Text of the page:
Until recently, the presence of Thy-1 antigen was thought to identify thymus-derived lymphocytes as opposed to other lymphohematopoietic cells. With the use of a highly amplified immunofluorescence assay and a monoclonal anti-Thy-1 antibody, the Thy-1 antigen has been detected on CFU-S. To determine the role of Thy-1 antigen in the differentiation of more committed hematopoietic progenitors, murine bone marrow was treated with anti-Thy-1.2 antibody and complement and cultured. Growth of erythroid burst-forming units (BFU-E) and granulocyte/macrophage colony-forming units (CFU-G/M) was greatly reduced following antibody and complement treatment and could not be restored with mitogen-stimulated spleen cell supernatants, splenic T cells, or thymocytes. These data demonstrate that a Thy-1.2-bearing cell is important in differentiation of early murine hematopoietic progenitors and they provide evidence that anti-Thy-1.2 antibody and complement treatment removes Thy-1.2 antigen-bearing hematopoietic progenitors. In contrast, growth of the macrophage progenitor (CFU-M) stimulated by L cell-conditioned media and the more mature erythroid colony-forming unit (CFU-E) was unaffected by anti-Thy-1.2 antibody and complement treatment. Therefore, Thy-1.2 antigen is not present on these progenitors. These data suggest that Thy-1.2 antigen is a differentiation antigen that is present on early murine hematopoietic progenitors and is lost as they differentiate.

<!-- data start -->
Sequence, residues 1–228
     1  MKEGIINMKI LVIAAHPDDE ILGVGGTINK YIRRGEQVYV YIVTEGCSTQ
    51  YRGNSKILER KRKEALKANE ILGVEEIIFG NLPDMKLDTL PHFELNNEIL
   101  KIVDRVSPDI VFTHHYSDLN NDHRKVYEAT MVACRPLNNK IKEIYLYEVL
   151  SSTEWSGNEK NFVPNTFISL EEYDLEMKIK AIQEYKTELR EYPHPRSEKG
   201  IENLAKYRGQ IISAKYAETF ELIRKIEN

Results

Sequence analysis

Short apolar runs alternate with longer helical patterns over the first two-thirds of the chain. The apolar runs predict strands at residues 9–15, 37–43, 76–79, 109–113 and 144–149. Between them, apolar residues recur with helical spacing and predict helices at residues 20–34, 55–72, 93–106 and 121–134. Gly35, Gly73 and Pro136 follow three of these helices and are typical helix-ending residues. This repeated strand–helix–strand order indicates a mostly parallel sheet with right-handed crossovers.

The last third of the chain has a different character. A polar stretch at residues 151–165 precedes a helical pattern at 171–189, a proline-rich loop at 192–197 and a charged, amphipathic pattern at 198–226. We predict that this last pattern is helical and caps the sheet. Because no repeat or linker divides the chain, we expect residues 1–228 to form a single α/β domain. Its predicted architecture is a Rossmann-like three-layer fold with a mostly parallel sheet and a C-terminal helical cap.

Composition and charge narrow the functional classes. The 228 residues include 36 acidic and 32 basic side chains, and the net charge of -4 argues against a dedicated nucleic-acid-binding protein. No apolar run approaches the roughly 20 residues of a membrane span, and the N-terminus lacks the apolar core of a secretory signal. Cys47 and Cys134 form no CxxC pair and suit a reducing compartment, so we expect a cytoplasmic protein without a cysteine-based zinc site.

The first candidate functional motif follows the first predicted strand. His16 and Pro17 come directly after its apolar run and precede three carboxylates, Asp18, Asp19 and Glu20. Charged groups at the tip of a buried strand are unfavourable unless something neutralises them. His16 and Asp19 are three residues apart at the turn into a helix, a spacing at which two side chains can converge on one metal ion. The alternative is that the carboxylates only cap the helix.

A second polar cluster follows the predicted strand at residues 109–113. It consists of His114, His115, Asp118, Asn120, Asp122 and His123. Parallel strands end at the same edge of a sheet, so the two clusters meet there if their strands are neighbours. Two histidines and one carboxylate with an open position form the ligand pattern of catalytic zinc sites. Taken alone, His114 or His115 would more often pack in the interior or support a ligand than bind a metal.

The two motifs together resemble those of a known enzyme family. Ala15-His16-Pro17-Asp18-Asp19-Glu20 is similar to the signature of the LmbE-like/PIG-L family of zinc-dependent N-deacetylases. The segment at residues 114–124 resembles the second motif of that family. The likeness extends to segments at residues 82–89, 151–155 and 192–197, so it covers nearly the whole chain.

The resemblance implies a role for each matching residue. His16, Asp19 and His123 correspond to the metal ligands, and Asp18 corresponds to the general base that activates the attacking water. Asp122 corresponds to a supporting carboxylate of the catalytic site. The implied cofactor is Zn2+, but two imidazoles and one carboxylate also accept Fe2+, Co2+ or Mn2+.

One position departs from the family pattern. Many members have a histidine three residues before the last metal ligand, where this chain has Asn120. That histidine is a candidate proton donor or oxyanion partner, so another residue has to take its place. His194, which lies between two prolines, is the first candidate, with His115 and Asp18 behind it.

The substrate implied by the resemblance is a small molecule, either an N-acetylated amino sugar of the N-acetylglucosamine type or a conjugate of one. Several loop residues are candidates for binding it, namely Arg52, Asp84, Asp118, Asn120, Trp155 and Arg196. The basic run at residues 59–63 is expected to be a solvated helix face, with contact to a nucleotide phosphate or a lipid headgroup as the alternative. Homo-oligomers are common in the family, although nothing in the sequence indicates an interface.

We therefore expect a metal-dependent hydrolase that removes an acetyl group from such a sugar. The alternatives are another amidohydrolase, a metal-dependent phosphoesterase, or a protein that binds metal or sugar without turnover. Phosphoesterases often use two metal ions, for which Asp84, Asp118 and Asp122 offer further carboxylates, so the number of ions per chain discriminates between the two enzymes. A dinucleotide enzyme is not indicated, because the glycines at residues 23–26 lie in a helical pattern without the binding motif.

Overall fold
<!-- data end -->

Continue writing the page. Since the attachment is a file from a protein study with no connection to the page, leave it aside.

|Original language||English (US)|
|Number of pages||9|
|Journal||Progress in clinical and biological research|
|State||Published - 1983|
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